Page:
Arab League, Red Cross warn Syria heading to civil war (REUTERS) By Erika Solomon BEIRUT, LEBANON 05/08/12 1:32pm EDT)
Reuters News Service
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(Reuters) - Security forces killed at least 10 people in fighting
across Syria on Tuesday, activists said, in a 14-month-old revolt
that the Red Cross and Arab League warned was becoming a civil war.
Across Syria, clashes between state forces and rebels fighting to
overthrow President Bashar al-Assad raged overnight and flared again
on Tuesday afternoon, the Syrian Observatory for Human Rights said.
Despite a shaky truce, the carnage in Syria has not stopped even
after a parliamentary poll on Monday which the government promoted as
a milestone on its path to reform, but the opposition called a sham
and boycotted the vote.
As election officials counted votes on Tuesday, the head of the
International Committee of the Red Cross (ICRC) said fighting had
been so intense in some parts of Syria that at times the conflict in
those places qualified as a localized civil war.
Jakob Kellenberger said he was very worried about conditions in
Syria, where United Nations observers are being deployed to monitor a
ceasefire agreement that has been repeatedly violated by both state
forces and by rebels.
"I really hope that the U.N. observers will deploy rapidly," he told
reporters in Geneva, indicating concern for the fate of U.N. envoy
Kofi Annan´s six-point peace plan for Syria. "I still hope it will
Annan is expected to brief the U.N. Security Council later on Tuesday
on the progress of his mission.
Arab League chief Nabil Elaraby called for continued support of
Annan´s plans and expressed similar concerns over civil war.
"Escalating military action in Syria will end up leading to a civil
war in Syria, which no one wants to see," he told reporters during in
a trip to Beijing.
Beyond the ceasefire and monitoring mission, Annan´s plan also calls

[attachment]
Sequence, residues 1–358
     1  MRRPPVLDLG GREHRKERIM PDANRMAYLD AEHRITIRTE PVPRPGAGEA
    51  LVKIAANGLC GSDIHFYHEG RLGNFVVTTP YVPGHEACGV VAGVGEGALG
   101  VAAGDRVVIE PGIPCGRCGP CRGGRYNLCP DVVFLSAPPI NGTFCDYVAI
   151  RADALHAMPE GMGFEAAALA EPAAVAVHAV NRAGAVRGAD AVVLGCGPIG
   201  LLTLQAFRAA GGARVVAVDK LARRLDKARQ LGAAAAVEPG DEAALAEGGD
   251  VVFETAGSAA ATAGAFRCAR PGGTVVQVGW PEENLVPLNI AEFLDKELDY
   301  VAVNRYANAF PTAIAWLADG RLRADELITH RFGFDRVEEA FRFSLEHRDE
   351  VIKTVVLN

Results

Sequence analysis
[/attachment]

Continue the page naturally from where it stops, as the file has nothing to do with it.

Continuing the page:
for free access for journalists and humanitarian aid in the country.
So far, 50 of some 300 monitors have arrived with the whole team
expected to be assembled by the end of May.
On Tuesday, the British-based Observatory said security forces were
using rockets and heavy machinegun fire on the village of al-Hassan
in the rebellious central Homs province, as they sought to wrest
control from rebels in the area.
A similar bombardment in northern Idlib province that began after
midnight killed at least three people, it said.
The United Nations says more than 9,000 people have been killed by
state forces trying to crush the revolt against four decades of rule
by Assad and his father, Hafez al-Assad.
What began as a peaceful protest movement has been overtaken by an
armed insurgency against Syrian forces. The government says the
rebels are terrorists steered by foreign powers and says more than
2,600 people from the police and army have been killed.
Despite Syria´s bloodshed, the state news agency SANA reported
a "notable" turnout for Monday´s vote but has yet to provide details
Many residents in Damascus said on Tuesday that few Syrians were
voting, and a Reuters team at a polling booth saw only three ballots
cast in their 40-minute visit.
Initial results reported by the pro-government Syrian channel al-
Ikhbariya suggested that around 700,000 people voted in Aleppo, the
most populace city and province in Syria.
Aleppo city has a population of more than 2 million, while the
province is home to nearly 5 million people.
Activists insisted the numbers were inflated. "I went to three
different polling stations, I am telling you turnout was weak," said
a student called Tamim. "No one can believe in an election while
people are dying." (Editing by Jon Hemming) (© Thomson Reuters 2012.
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